… Continued …
- The risk of delivering newborn with overweight (9 pounds or more). High amounts of glucose in the circulation can cross the placenta, triggering the baby’s pancreas to produce more extra insulin. As a result, the baby can gain more pounds of weight and grow too large.
- Premature birth. Poorly-controlled gestational diabetes may make you give birth too early. Or if the baby has become too large, your doctor may also ask you to choose early delivery.
- The risk of having baby with respiratory distress syndrome, difficulty breathing problem. It is likely to occur in baby with premature birth. The risk of mothers with gestational diabetes to have babies with respiratory distress syndrome is still pretty high even though if they give birth normally (not premature).
- Babies may also have a hypoglycemia (low blood sugar) shortly after birth due to the high amount of insulin produced by their own pancreas during pregnancy.
Do’s and don’ts for gestational diabetes
Gestational diabetes is not the end of everything. With careful monitoring and treatment, you can still have a safe & healthy pregnancy.
What to do
The following are some key points of what to do to cope with the condition:
- Do eat carbohydrates, but it’s much better to chose healthy ones. No matter with or without gestational diabetes, your body always needs glucose. It is the main fuel of where your energy coming from. Just make sure to eat a wide variety of complex carbohydrates, typically high in fiber and with low GI (glycemix index) such as whole grain, sweet potatoes, and brown rice (whole grain rice). See also good and bad foods for your blood sugar in this section!
- Do eat everything in balance! Even healthy foods also have calories. So make everything fit into your daily calories! If necessary, see a registered dietitian for more assistance.
- Being pregnant doesn’t mean you can forget your exercise. Even regular exercise is very important for your pregnancy, especially true if you also have gestational diabetes. It can help improve your overall health, keep your weight under control, and good for glucose metabolism.
- Do keep monitoring your blood sugar levels! Your doctor usually ask you to check it at certain times, typically after fasting (in the morning, before eating anything) and 1-2 hours after meal. If you take insulin, you may also need to check it at bedtime and before exercise. See more the normal blood sugar targets for diabetics in here!
- Sleep well! Research suggests that lack of sleep may make you more difficult to control your blood sugar. Unfortunately, it’s not always easy to sleep well in the late pregnancy. If you do have difficulty sleeping, talk to your doctor!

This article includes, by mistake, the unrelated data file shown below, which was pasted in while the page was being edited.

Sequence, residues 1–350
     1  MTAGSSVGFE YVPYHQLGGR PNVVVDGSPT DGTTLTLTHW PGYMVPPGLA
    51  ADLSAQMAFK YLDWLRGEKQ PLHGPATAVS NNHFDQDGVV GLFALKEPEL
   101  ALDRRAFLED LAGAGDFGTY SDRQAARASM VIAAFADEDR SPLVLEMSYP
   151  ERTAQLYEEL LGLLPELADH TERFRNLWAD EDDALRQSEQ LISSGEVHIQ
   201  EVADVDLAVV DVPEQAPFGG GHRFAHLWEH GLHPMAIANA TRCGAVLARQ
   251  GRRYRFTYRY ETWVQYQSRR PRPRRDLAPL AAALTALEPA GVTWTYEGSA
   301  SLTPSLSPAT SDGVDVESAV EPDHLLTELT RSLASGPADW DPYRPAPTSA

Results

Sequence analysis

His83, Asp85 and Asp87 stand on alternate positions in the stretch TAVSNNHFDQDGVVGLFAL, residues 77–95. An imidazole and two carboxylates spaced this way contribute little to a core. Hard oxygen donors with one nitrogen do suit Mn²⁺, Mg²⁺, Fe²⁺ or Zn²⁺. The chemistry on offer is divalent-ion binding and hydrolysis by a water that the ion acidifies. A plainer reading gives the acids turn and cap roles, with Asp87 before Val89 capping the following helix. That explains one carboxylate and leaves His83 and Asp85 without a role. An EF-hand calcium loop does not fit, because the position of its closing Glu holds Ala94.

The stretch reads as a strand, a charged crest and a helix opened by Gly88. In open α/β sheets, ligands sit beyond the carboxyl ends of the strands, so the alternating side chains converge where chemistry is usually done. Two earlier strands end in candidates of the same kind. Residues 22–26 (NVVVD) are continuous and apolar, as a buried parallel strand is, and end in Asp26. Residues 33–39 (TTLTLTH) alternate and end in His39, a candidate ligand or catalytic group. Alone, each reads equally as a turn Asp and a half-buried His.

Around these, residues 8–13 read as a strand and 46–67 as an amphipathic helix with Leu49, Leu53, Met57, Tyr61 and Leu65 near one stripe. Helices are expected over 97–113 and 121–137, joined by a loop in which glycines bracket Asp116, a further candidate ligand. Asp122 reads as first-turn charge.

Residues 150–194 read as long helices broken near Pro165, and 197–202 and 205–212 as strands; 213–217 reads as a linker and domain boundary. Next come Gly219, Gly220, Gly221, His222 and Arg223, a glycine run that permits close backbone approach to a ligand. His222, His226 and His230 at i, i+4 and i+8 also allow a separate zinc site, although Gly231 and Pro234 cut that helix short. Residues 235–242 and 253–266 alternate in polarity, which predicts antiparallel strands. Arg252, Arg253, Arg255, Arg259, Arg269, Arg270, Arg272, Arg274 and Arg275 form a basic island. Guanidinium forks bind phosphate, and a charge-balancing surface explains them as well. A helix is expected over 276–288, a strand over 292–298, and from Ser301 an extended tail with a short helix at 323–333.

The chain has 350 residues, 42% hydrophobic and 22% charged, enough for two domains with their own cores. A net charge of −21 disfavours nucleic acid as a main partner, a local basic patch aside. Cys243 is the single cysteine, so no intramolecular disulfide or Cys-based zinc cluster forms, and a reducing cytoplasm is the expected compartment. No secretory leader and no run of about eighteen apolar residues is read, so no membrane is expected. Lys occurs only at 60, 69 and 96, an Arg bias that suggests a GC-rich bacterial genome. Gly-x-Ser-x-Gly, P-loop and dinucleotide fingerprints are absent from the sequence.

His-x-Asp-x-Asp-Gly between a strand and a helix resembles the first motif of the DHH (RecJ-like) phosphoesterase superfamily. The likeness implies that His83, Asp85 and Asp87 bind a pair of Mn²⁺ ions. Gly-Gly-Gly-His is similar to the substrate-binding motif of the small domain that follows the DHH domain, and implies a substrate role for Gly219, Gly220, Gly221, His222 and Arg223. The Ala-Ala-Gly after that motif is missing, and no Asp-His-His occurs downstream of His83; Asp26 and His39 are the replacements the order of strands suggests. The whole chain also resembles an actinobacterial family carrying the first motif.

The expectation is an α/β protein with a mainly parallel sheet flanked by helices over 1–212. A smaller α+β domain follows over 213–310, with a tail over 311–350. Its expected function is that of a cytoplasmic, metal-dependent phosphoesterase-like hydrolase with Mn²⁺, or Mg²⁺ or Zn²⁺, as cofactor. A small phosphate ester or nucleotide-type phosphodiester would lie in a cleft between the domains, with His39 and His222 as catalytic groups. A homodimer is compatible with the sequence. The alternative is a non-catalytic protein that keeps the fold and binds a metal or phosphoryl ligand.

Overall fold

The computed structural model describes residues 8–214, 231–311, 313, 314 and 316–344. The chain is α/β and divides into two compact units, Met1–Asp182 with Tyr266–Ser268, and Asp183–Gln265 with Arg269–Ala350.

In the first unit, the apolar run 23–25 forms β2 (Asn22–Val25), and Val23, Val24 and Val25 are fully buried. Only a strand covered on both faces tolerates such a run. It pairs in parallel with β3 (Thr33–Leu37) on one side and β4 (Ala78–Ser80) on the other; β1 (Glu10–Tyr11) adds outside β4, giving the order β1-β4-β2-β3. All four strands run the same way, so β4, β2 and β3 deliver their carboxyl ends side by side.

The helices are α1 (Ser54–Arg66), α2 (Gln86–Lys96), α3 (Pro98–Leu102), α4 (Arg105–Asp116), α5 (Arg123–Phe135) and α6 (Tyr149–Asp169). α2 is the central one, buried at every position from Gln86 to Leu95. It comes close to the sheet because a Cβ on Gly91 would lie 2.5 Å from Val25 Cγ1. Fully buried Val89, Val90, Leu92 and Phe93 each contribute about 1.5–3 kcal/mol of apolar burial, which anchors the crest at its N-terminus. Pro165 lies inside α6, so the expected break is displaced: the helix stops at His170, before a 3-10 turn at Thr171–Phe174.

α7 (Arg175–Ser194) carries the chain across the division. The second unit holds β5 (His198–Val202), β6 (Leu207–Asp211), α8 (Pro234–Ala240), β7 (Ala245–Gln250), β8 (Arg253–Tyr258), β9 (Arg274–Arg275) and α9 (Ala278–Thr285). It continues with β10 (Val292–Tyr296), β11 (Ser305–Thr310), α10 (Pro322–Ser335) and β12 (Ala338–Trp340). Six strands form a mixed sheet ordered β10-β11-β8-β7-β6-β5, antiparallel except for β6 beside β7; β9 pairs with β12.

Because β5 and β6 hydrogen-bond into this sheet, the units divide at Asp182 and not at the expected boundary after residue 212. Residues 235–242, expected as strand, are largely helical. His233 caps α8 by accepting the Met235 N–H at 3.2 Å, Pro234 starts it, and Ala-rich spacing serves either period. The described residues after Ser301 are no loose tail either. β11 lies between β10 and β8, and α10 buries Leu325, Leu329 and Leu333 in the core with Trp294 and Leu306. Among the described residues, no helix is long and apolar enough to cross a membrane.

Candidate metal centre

In many cases, lifestyle measures such as eating right and exercising are helpful enough to control the condition. However sometimes diabetic medication is required. If you need medication to control your blood sugar, take it as well as prescribed!
What to avoid
And here are some checklists of foods to restrict and avoid:
- Avoid foods that are easy to cause a spike in blood sugar such as sugar-sweetened drinks, too sweet tea, or any drinks added sugar.
- Bad source for protein such as pork bacon, fried meats, ribs, poultry skin, deep-fried tofu, and deep-fried fish.
- Bad source for carbohydrate (simple carbohydrate) such as any processed grains (white flour or white rice), cereals high in sugar and low in fiber, white bread, and French fries.
- Bad dietary fruits and veggies such as canned fruit, canned vegetables, fruit punch, sweetened applesauce, – and veggies cooked /added with lots of cheese, sugar, sauce, or butter!
- Bad dairy products such as regular sour cream, regular yogurt, regular ice cream, and whole milk. It’s more recommended to choose low-fat dairy products such as low-fat yogurt, skim milk, and low-fat sour cream.
- Bad dietary fats such as any foods high in saturated fats or/and artificial trans-fat! To keep safe – make sure that most of your dietary fats is loaded with healthy fats, unsaturated fats such as nuts, avocados, fatty fish (like salmon and tuna), and plant-based oils (like olive and canola oils).
It’s normal to gain weight during pregnancy. But it’s also important that your pregnancy weight gain doesn’t go too far. If you had BMI (body mass index) greater than 27 before pregnancy, your doctor may ask you to lower the amount of calories in your diet – talk with your doctor for more assistance!
You may also need to take extra prenatal appointments to make sure that it is always controlled as well over the course of the pregnancy. This is important to prevent the complications of the disease.
Normally, the chance to start labor is usually offered after 38 weeks pregnant. But if your baby is large for its age, or if there is something goes awry on ultrasound scans, or if you have particular problem in your pregnancy – your doctor may recommend taking early birth.